Friday, February 27, 2009

Can the GDP report be good news? 

The news this morning of a downward revision in GDP has been accepted calmly in the markets (remarkable given it's also digesting the government's conversion of its preferred shares from TARP into common stock ownership of Citi. �I'll wait to read more about that until the weekend.) �I think the reason for this is that the changes include some positive developments.

The Wall Street Journal has provided some balance to the report on a downward revision to inventories:

The inventory revision in Friday's report was good and bad. Bad, because the $19.9 billion drop meant inventories added a mere 0.16 of a percentage point to GDP in the fourth quarter, instead of adding 1.32 percentage points as reported originally. But the drop also suggests there is less of an inventory overhang, a bit of good news. Still, inventory-to-sales ratios have gone up, an unwelcome sign. Excess inventory will have to be worked off, and that signals production cuts, which, in turn, could mean layoffs and further impair the economy. Experts see a large drawdown of stockpiles during the first half of 2009 and expect a big drop in GDP during the current, first quarter.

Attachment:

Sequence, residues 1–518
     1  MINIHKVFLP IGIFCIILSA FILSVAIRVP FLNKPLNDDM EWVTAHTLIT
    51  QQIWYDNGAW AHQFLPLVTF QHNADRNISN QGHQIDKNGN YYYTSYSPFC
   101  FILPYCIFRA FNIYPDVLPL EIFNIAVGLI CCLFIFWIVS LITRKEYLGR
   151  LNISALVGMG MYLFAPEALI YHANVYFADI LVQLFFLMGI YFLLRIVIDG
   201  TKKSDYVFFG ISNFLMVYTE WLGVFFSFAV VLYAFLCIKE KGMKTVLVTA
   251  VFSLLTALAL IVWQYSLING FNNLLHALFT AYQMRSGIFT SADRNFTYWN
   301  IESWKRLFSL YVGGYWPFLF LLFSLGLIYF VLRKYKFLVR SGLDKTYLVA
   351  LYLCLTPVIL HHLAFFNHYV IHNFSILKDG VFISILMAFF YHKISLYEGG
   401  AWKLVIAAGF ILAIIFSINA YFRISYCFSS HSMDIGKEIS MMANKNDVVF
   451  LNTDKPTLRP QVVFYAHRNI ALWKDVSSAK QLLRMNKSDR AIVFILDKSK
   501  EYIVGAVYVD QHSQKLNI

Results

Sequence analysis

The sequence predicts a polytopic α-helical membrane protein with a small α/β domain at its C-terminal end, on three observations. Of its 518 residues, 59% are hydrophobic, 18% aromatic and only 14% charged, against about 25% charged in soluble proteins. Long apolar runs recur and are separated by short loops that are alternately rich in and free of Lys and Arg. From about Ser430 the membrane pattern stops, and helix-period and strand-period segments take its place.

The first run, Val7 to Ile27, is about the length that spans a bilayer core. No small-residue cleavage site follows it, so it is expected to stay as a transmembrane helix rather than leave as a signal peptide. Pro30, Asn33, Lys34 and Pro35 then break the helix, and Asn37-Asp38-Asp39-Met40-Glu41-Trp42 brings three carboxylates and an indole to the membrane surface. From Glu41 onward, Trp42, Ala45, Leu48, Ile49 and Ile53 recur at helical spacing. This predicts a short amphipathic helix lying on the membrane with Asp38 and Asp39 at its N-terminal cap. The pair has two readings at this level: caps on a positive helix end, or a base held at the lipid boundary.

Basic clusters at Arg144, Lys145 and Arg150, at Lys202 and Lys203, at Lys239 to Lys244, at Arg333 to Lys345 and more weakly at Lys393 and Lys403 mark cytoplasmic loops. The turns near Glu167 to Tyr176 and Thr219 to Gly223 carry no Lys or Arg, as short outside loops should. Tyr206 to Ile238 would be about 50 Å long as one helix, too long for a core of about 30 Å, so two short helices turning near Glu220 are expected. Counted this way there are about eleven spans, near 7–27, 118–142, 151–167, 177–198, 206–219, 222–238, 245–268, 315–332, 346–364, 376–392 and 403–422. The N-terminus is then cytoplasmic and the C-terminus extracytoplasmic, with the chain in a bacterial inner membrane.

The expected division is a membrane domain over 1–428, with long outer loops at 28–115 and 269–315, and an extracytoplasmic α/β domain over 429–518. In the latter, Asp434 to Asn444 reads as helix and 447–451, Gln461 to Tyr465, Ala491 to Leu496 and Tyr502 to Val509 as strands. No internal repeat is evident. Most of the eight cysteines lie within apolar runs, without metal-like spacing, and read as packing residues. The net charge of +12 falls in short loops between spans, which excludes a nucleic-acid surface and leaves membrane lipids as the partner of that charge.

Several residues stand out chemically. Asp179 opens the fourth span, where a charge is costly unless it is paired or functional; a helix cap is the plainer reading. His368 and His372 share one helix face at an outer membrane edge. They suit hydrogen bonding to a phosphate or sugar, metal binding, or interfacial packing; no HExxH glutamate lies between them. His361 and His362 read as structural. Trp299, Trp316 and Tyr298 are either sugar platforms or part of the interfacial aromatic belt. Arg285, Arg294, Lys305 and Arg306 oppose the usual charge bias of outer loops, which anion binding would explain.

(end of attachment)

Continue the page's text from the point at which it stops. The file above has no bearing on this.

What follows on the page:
January data on industrial production confirms that.

But the size of the drop is not nearly as large as we imagine from the headline. �We knew that real final sales of domestic product -- meaning you pull out the inventory changes -- fell from 5.1% in the advance report on January 30 to 6.4% in today's. �So that's a good portion of the revision from 3.8% to 6.2%. �Another half of a percent was from a downward revision to consumption, along with an increase in the savings rate from 2.9% to 3.2% (an extra $33 billion.) �The American consumer will only begin spending again when it feels its net worth is being rebuilt, and its rational reaction to this recession has been organic rebuilding via savings.

There are, to oversimplify, a set of adjustments that have to happen to balance sheets and to inventories, and if you have no choice but to do them better to get them over with. �The revisions are signs that it's happened quicker than previously thought. �I think that is good rather than bad news.